The coronavirus pandemic has forced the World Economic Forum’s annual meeting of world leaders, business executives and other heavyweights to go virtual for the second year in a row, but organizers still hope to catapult the world into thinking about the future with a scaled-down online version this week.
The gathering, an online alternative to the event typically held in the Swiss ski town of Davos, will feature speeches by the leaders of countries including China, India, Israel, Japan and Germany as well as panel discussions with business, government and philanthropy figures like Dr. Anthony Fauci, the top U.S. infectious disease expert who will talk about COVID-19, and Bill Gates and John Kerry, who are expected to discuss climate change.
Organizers still hope their plans for a larger in-person gathering can go ahead this summer. Until then, here are five things to watch at next week’s online event:
CHINA LOOMS LARGE
President Xi Jinping, who hasn’t left China since the coronavirus emerged in early 2020, will be beamed in just like last year as perhaps the top headliner of the event. He traditionally uses appearances at international gatherings like Davos to appeal for cooperation to fight climate change and the coronavirus and lambast what Beijing sees as U.S. efforts to hold back Chinas rise and dominate global governance.
In a speech Monday, Xi could well again tout changes that Beijing says are opening the state-dominated economy and reject complaints that it wants to detach from international trade. His comments reflect the ruling Communist Partys desire for global influence to match Chinas status as the second-largest economy.
Keep an eye out for any mention of self-ruled Taiwan, which China considers part of its territory and has threatened to attack, and claims to the South and East China Seas or parts of the Himalayas, which have kindled tension with its neighbors.
One of those neighbors with tense ties to China is India, and Prime Minister Narendra Modi also takes the virtual floor Monday. India political parties are gearing up for state elections, just two months after Modis government made a rare retreat on an agricultural reform bill that drew huge protests from farmers.
The campaign has drawn crowds of tens of thousands, even as the omicron variant, like elsewhere, has driven a surge in COVID-19 cases.
HOPING FOR A POST-COVID WORLD
It’s impossible for the Davos crowd to overlook the health crisis that has upended its plans for the last two years. The pandemic gets a top billing on Monday, with Fauci and the CEO of vaccine maker Moderna joining a panel discussion that addresses whats next for COVID-19, which has taken several big turns as the omicron variant sweeps the globe.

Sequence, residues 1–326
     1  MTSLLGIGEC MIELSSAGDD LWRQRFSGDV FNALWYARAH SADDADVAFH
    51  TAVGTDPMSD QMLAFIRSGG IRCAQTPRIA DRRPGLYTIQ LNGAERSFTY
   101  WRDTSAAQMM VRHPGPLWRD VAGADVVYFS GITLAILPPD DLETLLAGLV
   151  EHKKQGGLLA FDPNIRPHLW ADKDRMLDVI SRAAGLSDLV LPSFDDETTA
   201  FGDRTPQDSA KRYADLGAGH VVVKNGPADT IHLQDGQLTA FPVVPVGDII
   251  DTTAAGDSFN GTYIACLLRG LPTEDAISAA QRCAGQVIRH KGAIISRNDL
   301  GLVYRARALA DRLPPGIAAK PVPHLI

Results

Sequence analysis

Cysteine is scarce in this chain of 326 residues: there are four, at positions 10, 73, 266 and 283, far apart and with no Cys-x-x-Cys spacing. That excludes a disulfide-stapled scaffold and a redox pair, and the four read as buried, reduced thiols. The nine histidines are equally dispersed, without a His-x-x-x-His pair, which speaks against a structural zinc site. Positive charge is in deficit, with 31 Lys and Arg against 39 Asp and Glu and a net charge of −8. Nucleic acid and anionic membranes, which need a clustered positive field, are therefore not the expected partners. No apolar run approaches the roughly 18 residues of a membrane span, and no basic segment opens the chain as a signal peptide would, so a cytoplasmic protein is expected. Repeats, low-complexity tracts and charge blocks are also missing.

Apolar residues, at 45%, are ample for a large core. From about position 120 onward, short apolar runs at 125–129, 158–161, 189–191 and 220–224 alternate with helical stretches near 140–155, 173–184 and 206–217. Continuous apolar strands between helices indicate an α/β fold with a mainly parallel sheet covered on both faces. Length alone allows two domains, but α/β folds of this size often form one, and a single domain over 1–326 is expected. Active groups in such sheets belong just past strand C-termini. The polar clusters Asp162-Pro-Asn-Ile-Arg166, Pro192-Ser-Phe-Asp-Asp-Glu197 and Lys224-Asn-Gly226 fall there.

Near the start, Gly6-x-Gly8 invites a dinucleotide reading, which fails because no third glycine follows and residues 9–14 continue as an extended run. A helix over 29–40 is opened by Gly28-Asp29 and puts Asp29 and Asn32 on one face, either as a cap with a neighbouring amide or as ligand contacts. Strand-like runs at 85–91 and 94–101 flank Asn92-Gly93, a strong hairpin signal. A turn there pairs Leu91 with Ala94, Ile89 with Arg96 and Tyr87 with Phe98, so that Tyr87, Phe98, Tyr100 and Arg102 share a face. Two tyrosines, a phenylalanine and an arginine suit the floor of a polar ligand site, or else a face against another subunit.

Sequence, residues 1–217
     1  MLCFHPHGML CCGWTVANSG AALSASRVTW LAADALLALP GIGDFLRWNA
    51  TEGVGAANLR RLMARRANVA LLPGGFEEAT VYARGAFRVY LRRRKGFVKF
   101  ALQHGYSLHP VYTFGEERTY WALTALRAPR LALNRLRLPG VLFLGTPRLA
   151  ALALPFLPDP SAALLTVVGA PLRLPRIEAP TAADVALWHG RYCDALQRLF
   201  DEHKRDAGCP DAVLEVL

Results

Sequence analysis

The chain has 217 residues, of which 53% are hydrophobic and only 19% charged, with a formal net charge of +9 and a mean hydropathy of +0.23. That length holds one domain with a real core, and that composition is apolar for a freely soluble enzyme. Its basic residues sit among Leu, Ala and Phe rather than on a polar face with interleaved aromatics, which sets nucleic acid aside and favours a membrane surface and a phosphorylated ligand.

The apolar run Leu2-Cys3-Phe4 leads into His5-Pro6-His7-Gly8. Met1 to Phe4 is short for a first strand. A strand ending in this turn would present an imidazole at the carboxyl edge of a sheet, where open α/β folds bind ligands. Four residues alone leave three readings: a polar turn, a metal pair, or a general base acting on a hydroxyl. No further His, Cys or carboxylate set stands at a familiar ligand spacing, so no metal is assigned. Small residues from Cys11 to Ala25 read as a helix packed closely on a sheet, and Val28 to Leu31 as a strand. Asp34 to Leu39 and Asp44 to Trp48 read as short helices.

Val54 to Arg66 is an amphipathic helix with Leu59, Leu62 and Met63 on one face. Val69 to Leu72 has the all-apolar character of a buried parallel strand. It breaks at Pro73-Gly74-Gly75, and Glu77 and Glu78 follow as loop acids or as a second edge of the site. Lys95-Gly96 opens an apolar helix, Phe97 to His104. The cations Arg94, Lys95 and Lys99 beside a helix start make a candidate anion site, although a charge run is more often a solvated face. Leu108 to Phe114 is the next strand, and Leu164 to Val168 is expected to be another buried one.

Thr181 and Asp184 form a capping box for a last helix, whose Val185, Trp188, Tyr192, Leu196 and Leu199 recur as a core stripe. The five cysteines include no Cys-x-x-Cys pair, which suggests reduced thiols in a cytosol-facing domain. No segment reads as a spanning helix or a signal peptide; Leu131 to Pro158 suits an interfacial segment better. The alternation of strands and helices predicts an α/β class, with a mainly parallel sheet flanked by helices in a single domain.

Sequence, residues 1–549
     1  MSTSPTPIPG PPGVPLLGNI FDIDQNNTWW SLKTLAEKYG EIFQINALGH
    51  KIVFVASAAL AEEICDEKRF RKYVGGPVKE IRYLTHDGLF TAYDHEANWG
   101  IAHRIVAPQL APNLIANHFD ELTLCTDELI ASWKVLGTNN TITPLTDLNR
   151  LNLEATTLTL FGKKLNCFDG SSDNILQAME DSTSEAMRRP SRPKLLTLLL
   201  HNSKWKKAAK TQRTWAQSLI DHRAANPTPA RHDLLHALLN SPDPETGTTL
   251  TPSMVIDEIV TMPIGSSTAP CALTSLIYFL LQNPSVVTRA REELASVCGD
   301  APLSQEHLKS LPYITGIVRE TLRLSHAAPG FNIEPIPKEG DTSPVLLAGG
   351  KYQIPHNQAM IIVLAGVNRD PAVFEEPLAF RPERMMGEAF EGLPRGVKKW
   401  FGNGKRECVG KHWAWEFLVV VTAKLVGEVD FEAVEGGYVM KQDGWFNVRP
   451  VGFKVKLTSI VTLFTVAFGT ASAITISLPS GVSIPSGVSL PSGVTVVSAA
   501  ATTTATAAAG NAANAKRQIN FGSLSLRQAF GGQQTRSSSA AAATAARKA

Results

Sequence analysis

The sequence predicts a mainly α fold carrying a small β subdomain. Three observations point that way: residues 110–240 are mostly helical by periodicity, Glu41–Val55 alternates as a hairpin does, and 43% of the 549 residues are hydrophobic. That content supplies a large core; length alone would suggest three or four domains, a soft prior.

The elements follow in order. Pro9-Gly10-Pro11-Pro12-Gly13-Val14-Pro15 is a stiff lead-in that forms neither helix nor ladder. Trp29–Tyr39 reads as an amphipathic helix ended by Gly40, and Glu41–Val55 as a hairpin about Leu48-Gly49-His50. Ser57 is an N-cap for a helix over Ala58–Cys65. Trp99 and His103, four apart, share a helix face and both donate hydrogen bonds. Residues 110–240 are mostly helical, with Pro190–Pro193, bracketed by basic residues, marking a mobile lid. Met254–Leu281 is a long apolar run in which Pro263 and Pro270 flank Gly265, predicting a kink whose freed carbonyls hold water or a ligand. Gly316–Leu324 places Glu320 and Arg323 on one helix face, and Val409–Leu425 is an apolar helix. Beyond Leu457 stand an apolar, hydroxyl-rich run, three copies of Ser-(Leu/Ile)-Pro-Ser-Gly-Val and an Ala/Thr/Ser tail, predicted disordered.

On Tuesday, World Health Organization chief Tedros Adhanom Ghebreyesus is certain to promote his often-repeated call for greater vaccine equity at a panel on the subject. Many developing countries remain far behind their rich counterparts when it comes to access to vaccines. WHO says greater vaccine equity can help prevent the emergence of worrisome, highly transmissible variants like omicron.
TECH ON TAP
Climate change and energy along with a regional look at Latin America get top billing Wednesday, with a speech by the Saudi energy minister and a look at how the world transitions from its dependence on fossil fuels. Kerry, the special envoy for climate under U.S. President Joe Biden, joins Davos stalwart Gates recent author of How to Avert a Climate Disaster on a panel on climate innovation.
TECHNOLOGY, TRADE AND THE ECONOMY
True to its name, the economic forum never strays far from the world of business activity. The week rounds out with discussions on issues like capitalism for a sustainable future, trade at a time of strained global supply chains, and how government actions are needed to produce sustainable and equitable recovery after the pandemic.
U.S. Treasury Secretary Janet Yellen gets the last word Friday with a talk at the virtual forum, where she has an opportunity to promote President Joe Bidens plans to reengage globally to prevent new environmental catastrophes. Amid the pandemic and rapidly rising inflation, the former Federal Reserve chair also could touch on financial recovery efforts, the administration’s $1 trillion infrastructure law and her support for a global corporate minimum tax agreed to by more than 130 countries.